ANGEL WITH BLUE HALO
Custom Designed Stained Glass with Agate Geodes
On the outside, agate geodes appear to be nothing but rock, but looking deeper into the interior of a geode will reveal amazing crystal growth and formations. Agate geode crystals are usually composed of quartz or chalcedonic deposits, but various other minerals such as calcite, celestite and dolomite are also commonly found within other varieties of geodes.
Most geodes develop in small hollow burrows within the earth, often created by animals or depressions left by tree roots. The formation begins from a small piece of limestone or anhydrite and over time, mineral-rich waters seep into the burrow allowing the minerals to harden around the small rock. It is through the repetitive series of hardening deposits from mineral-rich waters that eventually form the crystalline structure and outer crust of the geode.
The crystal production that develops within a geode depends on several variables including the amount of moisture trapped within the geode, the various chemicals and rich minerals deposited, and the amount of pressure applied to the geode. If the balance of these variables is just right, crystal formations will begin to grow within the walls of the shell. The crystals build and grow inward towards the center, slowly filling the geode out. The entire process takes millions of years. Many geode specimens have been estimated to be over 250 million years old. Surprisingly, the majority of agate geode specimens are never completely filled out. Geodes with filled out crystal formations are referred to as nodules; nodules composed of agate are referred to as 'thundereggs'.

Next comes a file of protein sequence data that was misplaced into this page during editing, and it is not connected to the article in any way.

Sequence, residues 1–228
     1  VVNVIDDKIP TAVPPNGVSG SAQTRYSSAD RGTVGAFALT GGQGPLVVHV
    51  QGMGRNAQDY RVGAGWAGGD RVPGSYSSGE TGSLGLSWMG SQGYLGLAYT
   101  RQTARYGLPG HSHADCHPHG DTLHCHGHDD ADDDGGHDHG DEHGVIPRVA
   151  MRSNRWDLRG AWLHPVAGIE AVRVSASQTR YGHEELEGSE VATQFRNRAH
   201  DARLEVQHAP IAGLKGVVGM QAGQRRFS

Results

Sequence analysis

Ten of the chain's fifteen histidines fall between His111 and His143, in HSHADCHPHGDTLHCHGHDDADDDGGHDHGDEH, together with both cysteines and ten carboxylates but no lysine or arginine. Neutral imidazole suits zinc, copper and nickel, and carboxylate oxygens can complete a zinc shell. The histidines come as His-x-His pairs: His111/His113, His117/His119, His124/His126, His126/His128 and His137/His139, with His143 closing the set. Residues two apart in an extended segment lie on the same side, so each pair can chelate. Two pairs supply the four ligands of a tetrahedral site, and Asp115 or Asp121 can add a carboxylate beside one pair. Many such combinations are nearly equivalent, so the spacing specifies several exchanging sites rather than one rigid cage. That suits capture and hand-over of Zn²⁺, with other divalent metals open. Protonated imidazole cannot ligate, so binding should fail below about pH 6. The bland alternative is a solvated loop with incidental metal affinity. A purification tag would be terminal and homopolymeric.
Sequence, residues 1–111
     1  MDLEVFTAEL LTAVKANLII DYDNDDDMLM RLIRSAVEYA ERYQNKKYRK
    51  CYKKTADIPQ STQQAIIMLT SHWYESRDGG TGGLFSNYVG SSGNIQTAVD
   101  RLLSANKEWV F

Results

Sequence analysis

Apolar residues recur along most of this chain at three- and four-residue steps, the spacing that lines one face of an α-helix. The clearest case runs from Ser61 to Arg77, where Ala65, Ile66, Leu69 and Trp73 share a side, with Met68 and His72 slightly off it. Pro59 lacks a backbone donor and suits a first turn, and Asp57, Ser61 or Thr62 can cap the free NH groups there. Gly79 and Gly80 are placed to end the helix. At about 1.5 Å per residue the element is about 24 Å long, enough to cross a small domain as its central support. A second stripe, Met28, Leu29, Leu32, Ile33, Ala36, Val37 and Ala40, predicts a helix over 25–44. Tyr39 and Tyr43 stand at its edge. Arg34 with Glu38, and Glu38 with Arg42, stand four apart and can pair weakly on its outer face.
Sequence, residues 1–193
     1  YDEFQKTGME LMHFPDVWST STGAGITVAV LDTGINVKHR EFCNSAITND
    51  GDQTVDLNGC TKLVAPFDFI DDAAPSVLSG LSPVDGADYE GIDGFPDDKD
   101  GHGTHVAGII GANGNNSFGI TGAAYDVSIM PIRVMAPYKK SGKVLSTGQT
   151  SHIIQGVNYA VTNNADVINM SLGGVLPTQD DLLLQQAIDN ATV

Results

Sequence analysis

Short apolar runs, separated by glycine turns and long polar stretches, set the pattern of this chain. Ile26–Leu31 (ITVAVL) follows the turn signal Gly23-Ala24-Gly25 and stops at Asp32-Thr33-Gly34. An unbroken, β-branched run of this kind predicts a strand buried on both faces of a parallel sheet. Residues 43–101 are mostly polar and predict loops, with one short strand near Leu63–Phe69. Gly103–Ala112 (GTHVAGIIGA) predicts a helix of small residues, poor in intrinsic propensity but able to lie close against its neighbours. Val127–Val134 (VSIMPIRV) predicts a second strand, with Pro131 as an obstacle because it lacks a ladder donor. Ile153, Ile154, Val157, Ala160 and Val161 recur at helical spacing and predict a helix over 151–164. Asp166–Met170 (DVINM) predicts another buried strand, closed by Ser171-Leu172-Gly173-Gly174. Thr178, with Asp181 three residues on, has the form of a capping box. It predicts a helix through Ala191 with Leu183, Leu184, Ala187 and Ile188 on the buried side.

Geodes can also develop within bubbles of volcanic rock. Minerals get trapped within cavities deposited through steam and with each deposit, the various minerals harden and form around a seed rock, typically limestone. Crystal development will vary based on the rate and duration of moisture deposits. If water was deposited slowly and with very few impurities, the geode crust will be finely lined with crystal, but if moisture deposits were rapidly made, the cavity will develop with bands of quartz, usually as banded agate.
Agate is a variety of chalcedony that forms in concentric layers in a remarkable variety of colors and textures. The crystals vary in clarity from opaque to translucent to transparent. Agate quartz was highly valued as a talisman or amulet during ancient times, and to this day, are still one of the most popular jewelry gemstones, often seen in accessories from rings to pendants, to earrings and now the stained glass works of Fine Art by J.Neil. Agate geodes are often displayed as ornaments on pedestals, and many owners will place them strategically around their homes and gardens for their metaphysical and therapeutic abilities, similar to the concept of feng shui. Agate is found in many locations in the world, including Brazil, Uruguay, Australia, India, China, Madagascar, Mexico, Mongolia, Namibia and the USA.